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Gary Johnson Brings

Libertarianism To Nation

Gary Johnson speaks at Arizona State University.
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Supporters of Libertarian nominee for U.S. President, Gary Johnson, show their support at Arizona State University.
Former New Mexico Governor Dismisses Long-Shot Status, Seeks To Be Allowed To Debate Front-Runners In Upcoming Debates


By John Guzzon
Modern Times Magazine

Sept. 27, 2012 — Former New Mexico Gov. Gary Johnson — the current libertarian party nominee for U.S. President — made a stop at Arizona State University Wednesday, drawing nearly 200 supporters of his long-shot campaign for the presidency.

The stop in Arizona was part of his 40 college and university tour during the run-up to the November election.

Johnson, who competed for the republican nomination before accepting the libertarian party’s nomination earlier this summer, dismissed the notion that despite that he is only garnering about 6 percent support nationally, a vote for him is a wasted exercise.

“How many of you have heard that a vote for Gary Johnson is a wasted vote?” Johnson queried the crowd. “Wasting your vote is voting for someone you don’t believe in. We change things in this country for voting for who you believe in. I want to ask you all to ‘waste’ your vote on me. You know what happens? I am the next president of the United States.”

Yet, he acknowledges that his task will be especially tough since he is rarely mentioned on the mainstream news networks, although he is on the ballot in 47 states. He also said he believes that by election day, he will be on the ballot in all 50 states.

“I’m excited. We are polling at 6 percent. But, do you hear my name mentioned six times for every 100 times you hear Romney or Obama’s name?” Johnson said. “The way you change this country is by engaging the electorate and that is what we are doing.”

Among the differences Johnson highlighted between his positions and those of Mitt Romney and Barack Obama are that he doesn’t want to bomb Iran, wants to end the Federal Reserve system, legalize marijuana, and end the current tax system in lieu of the FairTax — a federal retail tax.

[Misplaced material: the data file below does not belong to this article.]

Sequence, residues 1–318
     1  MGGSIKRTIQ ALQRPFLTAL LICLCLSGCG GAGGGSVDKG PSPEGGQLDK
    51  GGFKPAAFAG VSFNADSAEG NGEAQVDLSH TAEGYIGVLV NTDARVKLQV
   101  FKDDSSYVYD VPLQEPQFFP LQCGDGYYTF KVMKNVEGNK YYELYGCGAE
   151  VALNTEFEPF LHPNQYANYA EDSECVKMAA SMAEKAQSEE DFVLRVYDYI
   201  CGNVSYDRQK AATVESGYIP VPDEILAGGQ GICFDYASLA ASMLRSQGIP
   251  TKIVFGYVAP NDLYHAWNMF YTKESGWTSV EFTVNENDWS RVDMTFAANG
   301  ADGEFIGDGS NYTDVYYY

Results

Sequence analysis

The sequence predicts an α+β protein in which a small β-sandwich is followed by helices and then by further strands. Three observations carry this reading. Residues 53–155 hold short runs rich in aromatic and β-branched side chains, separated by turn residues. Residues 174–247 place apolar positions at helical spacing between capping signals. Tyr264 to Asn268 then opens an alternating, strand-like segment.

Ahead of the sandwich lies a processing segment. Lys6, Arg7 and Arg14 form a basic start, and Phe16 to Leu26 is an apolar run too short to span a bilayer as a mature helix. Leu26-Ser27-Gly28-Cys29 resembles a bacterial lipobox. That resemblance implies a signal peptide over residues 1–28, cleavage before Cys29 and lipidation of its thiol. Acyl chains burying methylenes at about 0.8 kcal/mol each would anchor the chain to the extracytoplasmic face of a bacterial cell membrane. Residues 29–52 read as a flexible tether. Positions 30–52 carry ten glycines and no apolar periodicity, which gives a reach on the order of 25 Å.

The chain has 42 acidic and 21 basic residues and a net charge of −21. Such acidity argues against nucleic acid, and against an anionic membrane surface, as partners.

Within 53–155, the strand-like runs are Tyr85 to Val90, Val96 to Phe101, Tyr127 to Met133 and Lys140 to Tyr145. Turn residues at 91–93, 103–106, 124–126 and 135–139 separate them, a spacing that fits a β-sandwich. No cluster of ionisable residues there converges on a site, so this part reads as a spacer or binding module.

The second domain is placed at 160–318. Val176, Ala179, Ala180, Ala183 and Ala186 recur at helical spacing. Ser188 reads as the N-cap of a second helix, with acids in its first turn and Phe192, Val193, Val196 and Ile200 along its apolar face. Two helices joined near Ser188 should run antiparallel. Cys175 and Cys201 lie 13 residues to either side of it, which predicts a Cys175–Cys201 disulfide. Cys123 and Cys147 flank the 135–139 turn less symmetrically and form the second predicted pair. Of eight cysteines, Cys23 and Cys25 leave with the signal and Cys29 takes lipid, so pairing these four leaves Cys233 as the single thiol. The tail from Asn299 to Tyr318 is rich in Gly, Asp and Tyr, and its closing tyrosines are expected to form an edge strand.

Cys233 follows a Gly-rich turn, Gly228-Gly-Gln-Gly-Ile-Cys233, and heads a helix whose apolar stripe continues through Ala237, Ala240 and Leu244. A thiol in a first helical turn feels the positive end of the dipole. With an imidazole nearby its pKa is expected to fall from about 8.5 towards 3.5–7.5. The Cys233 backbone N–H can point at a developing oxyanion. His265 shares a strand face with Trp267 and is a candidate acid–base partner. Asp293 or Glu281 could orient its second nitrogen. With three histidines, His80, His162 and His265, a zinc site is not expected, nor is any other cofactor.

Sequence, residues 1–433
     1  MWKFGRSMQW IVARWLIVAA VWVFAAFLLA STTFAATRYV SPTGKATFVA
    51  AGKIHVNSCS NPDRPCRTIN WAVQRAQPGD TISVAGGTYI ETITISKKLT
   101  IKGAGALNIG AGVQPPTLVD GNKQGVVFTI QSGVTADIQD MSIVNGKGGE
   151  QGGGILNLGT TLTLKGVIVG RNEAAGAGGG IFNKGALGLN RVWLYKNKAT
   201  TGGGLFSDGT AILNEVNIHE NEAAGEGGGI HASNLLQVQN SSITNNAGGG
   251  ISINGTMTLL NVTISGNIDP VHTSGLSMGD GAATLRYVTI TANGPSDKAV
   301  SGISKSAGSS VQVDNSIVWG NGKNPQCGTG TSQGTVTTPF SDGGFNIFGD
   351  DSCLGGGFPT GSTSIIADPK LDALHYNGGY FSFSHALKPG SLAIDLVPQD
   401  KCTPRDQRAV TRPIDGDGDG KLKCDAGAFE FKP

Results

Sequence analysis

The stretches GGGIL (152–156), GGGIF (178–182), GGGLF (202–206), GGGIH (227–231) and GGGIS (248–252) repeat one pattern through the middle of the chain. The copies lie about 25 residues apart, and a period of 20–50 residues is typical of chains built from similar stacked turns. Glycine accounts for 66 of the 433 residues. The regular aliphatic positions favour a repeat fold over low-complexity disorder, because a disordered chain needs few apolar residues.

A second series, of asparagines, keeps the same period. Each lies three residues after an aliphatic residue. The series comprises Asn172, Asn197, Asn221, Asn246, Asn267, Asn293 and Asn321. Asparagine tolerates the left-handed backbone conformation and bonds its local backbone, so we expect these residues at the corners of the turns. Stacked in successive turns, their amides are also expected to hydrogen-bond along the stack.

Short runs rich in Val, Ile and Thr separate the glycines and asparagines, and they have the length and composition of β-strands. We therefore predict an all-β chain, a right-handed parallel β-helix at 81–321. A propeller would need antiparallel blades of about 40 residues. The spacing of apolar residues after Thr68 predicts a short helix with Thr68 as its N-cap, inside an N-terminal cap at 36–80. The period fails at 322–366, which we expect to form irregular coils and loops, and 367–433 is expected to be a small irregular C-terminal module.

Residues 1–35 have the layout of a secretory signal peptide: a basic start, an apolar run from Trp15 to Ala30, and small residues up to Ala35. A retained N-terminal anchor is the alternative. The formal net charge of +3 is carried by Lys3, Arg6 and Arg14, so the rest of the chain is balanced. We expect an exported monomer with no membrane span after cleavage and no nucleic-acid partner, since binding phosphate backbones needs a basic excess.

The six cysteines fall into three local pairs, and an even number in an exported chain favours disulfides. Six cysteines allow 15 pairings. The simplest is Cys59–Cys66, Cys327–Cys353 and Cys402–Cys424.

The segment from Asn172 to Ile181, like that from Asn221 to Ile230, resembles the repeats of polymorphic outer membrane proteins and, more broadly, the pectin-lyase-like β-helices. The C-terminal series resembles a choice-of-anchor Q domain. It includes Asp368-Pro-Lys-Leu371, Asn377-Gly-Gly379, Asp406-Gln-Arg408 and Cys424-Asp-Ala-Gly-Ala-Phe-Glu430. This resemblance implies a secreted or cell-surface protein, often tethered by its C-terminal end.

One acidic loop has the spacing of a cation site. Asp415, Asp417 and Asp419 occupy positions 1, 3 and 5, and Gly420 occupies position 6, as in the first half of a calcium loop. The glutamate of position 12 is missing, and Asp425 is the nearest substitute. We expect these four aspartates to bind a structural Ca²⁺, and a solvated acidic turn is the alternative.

“Crony capitalism is alive and well in this country and I think instituting the FairTax would end nearly half of the lobbying jobs in Washington D.C. Those people are there to buy loopholes and most of the legislators have their hands out for them. Let’s make this a level field for all of us,” Johnson said.

Johnson was not alone on the dais Wednesday. Notable was Barry Goldwater Jr. who, although he was not expressly endorsing Johnson, shared his dislike of corporate influence on the political process.

“I’ve heard someone say that we need to make Congressmen wear uniforms,” Goldwater said. “Just like NASCAR. That way, we would know who their corporate sponsors are.”

Johnson’s campaign is still aiming to be a part of the three presidential debates with Mitt Romney and Barack Obama and that his running mate, former California Judge Jim Gray will be included in the debate with Paul Ryan and Joe Biden. The Commission on Presidential Debates, however, ruled Sept. 21 that since Johnson was not polling at least 15 percent nationally — one of the criteria the commission requires — he would not be invited. The Commission on Presidential Debates was formalized in 1987 and is a non-profit organization run by the democratic and republican parties.

The Johnson campaign has filed a lawsuit challenging that ruling. A decision is expected before the first debate Oct. 3.

The campaign has directed those who support Johnson being added to the televised debate lineup to visit

Even though Johnson faces some high hurdles in his quest for the White House, former republican activist Andrea Garcia perhaps best summed up the feeling of the crowd.

“The biggest thing we can do right now is to give the two big parties the middle finger,” Garcia said.

John Guzzon is editor of Modern Times Magazine.
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